A few weeks ago, the Lumia 630 became the first handset to go on sale with the very latest update to Microsoft’s mobile OS, Windows Phone 8.1. Despite slotting in the range above the cheapest Lumia 520 – which has seen promotional pricing drop as low as just $40 off-contract – the Lumia 630 is the companys new entry-level Windows Phone 8.1 device… at least until the rumoured Lumia 530 arrives.
The Lumia 630 has already gone on sale in some parts of the world, including India, various Eurozone markets and the United Kingdom, as well as Brazil, which exclusively enjoys a special version of the handset featuring integrated digital television.
Over the last few weeks, we’ve been testing the Lumia 630 extensively, putting it through its paces in the real world so that we can deliver the kind of in-depth review that we know you appreciate here on Neowin. Over the next couple of weeks, we’ll be taking a closer look at various aspects of the Lumia 630 – from its display and battery life, to gaming and design, and plenty more besides.
Just as we did with Microsoft’s Surface Pro 3, we aim to bring you the most thorough and comprehensive coverage of each aspect of the new low-cost Windows Phone to help inform your decision on whether or not to buy it, before we bring everything together in our full in-depth review.
And once our review is published, one lucky reader will have the chance to win the Nokia Lumia 630 in our upcoming giveaway!
Today, though, we begin our exploration of the device with a broad overview of what it has to offer.
As you would expect of a device in this price range – its recommended retail price is $159 off-contract, before taxes – the Lumia 630 doesn’t have the kind of spec sheet that will worry the flagships of the smartphone world. But it’s not supposed to; this is a device intended to target buyers on a budget – those who don’t care about the latest specs, and those who perhaps cant afford the newest top-of-the-range handsets.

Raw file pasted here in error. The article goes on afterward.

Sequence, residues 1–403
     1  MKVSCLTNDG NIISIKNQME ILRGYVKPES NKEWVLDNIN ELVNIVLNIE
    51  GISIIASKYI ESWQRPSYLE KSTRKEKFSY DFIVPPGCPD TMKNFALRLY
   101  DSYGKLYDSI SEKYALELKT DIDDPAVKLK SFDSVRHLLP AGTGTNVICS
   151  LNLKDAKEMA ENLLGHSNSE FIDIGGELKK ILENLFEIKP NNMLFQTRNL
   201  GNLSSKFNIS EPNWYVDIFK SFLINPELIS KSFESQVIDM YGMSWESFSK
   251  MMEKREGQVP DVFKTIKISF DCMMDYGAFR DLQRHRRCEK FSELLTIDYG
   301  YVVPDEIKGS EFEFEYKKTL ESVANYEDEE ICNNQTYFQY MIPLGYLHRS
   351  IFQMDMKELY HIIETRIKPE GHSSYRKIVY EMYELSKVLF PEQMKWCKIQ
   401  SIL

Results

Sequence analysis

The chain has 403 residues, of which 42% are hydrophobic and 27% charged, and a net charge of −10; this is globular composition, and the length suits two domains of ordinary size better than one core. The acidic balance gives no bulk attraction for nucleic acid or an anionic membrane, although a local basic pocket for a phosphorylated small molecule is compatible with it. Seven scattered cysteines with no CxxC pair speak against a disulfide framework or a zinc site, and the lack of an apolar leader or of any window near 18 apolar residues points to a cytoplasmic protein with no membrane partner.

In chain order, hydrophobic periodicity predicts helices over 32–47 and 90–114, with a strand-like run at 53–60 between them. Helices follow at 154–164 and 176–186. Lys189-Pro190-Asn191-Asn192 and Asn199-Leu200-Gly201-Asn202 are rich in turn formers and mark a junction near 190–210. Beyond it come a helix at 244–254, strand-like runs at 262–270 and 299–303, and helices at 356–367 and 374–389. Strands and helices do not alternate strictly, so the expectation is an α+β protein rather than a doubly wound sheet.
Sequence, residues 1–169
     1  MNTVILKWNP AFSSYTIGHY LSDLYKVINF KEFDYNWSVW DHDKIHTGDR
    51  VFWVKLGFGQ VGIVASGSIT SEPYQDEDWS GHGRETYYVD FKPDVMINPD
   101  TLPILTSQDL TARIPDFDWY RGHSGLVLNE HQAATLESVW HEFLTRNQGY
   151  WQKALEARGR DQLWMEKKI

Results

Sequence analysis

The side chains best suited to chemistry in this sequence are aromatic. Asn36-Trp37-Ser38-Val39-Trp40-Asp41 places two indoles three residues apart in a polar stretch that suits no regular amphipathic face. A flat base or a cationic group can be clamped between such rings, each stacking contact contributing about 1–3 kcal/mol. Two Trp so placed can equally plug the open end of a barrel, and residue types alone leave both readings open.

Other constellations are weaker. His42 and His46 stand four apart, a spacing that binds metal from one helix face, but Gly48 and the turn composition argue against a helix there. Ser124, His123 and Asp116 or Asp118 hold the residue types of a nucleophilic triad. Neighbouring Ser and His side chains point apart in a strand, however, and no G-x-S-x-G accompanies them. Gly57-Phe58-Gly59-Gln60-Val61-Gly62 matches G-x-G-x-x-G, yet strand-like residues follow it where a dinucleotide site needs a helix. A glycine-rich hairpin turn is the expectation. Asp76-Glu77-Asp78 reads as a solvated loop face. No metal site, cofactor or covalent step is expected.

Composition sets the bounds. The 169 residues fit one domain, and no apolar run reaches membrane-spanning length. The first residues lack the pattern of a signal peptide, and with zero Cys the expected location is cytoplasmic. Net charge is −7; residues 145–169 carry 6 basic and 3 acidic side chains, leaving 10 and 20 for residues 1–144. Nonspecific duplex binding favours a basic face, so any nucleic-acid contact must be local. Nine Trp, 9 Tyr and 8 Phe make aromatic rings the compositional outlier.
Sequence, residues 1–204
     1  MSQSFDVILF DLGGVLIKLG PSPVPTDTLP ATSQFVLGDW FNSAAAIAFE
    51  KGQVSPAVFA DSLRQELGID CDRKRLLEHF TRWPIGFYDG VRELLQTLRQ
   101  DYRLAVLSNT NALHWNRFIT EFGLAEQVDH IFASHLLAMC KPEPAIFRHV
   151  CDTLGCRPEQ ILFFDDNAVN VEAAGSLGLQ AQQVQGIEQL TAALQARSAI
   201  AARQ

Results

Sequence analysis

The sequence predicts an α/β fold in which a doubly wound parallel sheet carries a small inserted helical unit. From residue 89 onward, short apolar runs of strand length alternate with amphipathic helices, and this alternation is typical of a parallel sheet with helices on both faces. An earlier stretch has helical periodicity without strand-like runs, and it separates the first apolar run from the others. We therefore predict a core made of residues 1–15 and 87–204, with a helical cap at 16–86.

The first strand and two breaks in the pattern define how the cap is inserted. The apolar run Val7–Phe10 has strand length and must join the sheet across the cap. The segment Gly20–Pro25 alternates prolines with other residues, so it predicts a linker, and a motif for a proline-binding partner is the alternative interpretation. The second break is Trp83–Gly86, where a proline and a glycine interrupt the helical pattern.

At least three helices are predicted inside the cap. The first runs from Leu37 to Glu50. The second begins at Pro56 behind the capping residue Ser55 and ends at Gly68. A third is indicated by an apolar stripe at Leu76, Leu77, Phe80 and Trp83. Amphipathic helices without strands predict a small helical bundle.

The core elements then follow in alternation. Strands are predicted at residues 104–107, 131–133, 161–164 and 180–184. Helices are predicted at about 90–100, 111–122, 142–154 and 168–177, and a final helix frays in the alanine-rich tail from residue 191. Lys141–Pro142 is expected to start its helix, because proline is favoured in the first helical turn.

So if you’re expecting the 630, or any other similarly priced handset, to be in the same league as a Samsung Galaxy S5 or LG’s G3, you’re mad. But if you’ve got more sensible and realistic expectations, the low-cost Lumia may just surprise you.
On paper, there’s a lot to like. The device features a generously sized 4.5-inch IPS LCD, protected by Corning Gorilla Glass 3, and it’s reasonably light too, weighing in at 134g, in a body that’s 9.2mm thick.
You’ll also get a 1.2GHz quad-core Snapdragon 400 processor, 1830mAh battery and 8GB of onboard storage, along with a microSD slot supporting cards up to 128GB, as well as a 5MP rear camera. Not too shabby at all for such an affordable device. But it’s not all good news.
That 4.5-inch display offers only FWVGA (854x480px) resolution, well below the HD (1280x720px) display of Motorola’s Moto G, for example, which costs just $20 more. You’ll only get 512MB of RAM on the 630 as well, which means that certain apps – higher-end games, especially – simply won’t run on the device.
On top of this, the rear camera has no flash, and there’s no front-facing camera at all, ruling out selfies and Skype calls. There’s no 4G on the 630 either – that’s exclusively available on the more expensive Lumia 635, which is identical apart from added LTE support, for $189. You dont even get a pair of headphones in the box.
So the Lumia 630 isn’t flawless, by any means, but this exposes the underlying reality of buying such a low-cost device: the need for compromise. The cheaper a device gets, the fewer bells and whistles its manufacturer can afford to attach to it, and for buyers, that can be a bitter pill to swallow.
Over the next couple of weeks, we’ll be considering whether Nokia made the right choices in deciding what should, and should not, be included in the Lumia 630, and if the compromises that it made to keep costs down perhaps went too far. For now, we’ll just say that the Lumia 630 certainly managed to impress in many areas – but in others, it was far from perfect.
Well explain more about that in the days ahead, so stay tuned!